How often are you thinking strategically about your business, your sales, your clients, your future? How often are you thinking about your life? I imagine you rarely take time to slow down, relax and simply think (away from electronics of any sort).

Gluckow recommends ways to maximize your effectiveness at thinking:

  • Schedule time on your calendar.
  • Clear your head before you begin.
  • Drain your brain before you begin.
  • Be totally alone.
  • Maybe some music.
  • Create a peaceful thinking place.
  • 15 minutes a day.
  • Write them down.

Read more about each one of these tips in her article here.

  • Thinking: the talking of the soul with itself.
  • Plato

Tuesday, May 23rd, 2017

Finger-Pointing

“I praise loudly. I blame softly.” – Catherine the Great

Occasionally, something goes wrong on a client engagement. Somebody didn’t follow procedures. Someone talked to the client and didn’t pass along the information. A client phone call got lost in the shuffle and didn’t get returned. The list could go on and on.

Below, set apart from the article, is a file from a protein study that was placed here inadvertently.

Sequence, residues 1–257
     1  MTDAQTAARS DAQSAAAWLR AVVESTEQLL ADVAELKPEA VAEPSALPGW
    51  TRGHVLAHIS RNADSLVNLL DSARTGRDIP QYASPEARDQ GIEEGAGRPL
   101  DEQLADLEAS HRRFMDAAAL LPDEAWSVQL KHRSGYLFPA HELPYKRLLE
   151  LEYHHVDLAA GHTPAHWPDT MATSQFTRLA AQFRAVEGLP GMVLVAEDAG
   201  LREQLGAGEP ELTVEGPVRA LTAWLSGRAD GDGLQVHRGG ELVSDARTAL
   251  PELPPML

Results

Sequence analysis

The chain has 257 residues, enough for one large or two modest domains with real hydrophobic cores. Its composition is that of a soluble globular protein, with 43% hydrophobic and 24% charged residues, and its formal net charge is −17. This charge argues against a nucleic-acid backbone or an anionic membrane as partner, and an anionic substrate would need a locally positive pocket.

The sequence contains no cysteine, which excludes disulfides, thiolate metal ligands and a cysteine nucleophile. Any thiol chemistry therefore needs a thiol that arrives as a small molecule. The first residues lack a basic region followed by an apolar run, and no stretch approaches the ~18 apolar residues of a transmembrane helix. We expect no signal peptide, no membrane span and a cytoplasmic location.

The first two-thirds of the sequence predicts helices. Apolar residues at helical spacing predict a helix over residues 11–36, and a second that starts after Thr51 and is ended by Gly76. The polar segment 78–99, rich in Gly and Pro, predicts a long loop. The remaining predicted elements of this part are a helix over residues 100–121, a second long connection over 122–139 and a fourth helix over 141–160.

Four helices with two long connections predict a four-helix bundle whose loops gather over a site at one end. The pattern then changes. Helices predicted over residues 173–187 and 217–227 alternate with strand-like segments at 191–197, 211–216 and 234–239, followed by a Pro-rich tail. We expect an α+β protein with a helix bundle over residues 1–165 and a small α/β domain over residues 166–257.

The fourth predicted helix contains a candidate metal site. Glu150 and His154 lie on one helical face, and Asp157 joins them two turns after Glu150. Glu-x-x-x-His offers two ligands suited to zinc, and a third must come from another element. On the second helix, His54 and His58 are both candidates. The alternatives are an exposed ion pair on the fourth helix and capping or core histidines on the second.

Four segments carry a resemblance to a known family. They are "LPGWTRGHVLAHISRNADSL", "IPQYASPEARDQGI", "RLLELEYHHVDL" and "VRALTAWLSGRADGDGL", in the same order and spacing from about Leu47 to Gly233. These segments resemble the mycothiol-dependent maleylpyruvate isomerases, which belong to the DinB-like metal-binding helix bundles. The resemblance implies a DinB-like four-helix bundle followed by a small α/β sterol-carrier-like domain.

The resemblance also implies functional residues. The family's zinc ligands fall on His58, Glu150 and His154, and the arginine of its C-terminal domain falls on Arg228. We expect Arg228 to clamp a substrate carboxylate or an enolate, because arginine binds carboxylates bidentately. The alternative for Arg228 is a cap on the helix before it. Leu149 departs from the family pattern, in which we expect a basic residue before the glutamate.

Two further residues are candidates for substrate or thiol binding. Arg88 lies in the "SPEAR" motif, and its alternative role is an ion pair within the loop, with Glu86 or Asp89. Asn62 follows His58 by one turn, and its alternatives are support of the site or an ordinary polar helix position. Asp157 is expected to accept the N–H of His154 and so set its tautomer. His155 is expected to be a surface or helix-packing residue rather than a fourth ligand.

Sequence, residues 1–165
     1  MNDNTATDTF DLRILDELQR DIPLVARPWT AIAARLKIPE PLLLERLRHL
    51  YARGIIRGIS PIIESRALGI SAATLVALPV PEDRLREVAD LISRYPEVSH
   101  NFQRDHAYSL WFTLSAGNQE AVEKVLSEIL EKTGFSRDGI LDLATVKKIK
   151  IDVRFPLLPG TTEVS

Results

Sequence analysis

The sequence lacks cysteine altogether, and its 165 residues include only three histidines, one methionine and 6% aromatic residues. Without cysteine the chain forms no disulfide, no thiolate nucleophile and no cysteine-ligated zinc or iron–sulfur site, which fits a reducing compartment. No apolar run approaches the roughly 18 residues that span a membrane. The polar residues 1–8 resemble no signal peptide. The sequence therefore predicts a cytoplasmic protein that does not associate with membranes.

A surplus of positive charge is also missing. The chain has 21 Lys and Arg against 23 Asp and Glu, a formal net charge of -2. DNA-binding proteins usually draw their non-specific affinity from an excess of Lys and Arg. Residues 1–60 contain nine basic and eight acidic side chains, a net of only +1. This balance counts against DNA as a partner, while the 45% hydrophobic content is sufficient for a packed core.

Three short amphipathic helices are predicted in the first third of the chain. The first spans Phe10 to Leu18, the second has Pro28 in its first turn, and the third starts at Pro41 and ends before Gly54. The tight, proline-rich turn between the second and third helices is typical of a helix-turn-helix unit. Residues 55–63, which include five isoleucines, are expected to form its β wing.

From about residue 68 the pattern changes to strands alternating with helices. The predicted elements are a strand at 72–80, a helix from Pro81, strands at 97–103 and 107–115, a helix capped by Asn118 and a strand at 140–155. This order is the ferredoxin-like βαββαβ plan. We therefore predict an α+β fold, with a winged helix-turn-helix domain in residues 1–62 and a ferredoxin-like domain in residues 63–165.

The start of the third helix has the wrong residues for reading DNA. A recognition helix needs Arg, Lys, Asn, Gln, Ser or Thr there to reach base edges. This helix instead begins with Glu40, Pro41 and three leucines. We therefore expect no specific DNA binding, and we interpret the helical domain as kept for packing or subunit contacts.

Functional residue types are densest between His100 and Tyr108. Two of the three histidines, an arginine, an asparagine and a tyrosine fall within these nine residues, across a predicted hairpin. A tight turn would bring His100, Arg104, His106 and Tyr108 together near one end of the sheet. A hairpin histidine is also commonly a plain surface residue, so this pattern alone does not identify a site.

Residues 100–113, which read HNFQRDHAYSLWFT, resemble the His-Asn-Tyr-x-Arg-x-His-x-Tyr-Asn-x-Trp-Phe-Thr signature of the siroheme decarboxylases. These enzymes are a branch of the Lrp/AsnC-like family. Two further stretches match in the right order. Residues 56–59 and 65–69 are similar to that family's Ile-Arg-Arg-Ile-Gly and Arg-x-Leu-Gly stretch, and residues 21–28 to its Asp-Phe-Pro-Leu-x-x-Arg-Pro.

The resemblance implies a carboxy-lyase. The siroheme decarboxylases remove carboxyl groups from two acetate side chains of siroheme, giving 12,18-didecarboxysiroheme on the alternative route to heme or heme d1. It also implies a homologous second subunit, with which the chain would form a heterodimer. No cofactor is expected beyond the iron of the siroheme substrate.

When this happens inside some firms, the finger-pointing game begins….. “The manager didn’t tell me I had to do that…. The staff person didn’t do what I told them… I put the client note in the file…. I think admin didn’t follow up…. ” Again, the list of accusations and excuses can go on and on.

In the best firms, there is no obsession with placing blame. Leaders and team members put little emphasis on the past, they focus on the future. They focus on how to fix things so that the mistake doesn’t happen again. They learn from mistakes.

Here’s a motto I want you to adopt at your firm:

Don’t worry about why it went wrong. Just put it right!

  • I pay no attention whatever to anybody's praise or blame. I simply follow my own feelings.
  • Wolfgang Amadeus Mozart

Thursday, May 18th, 2017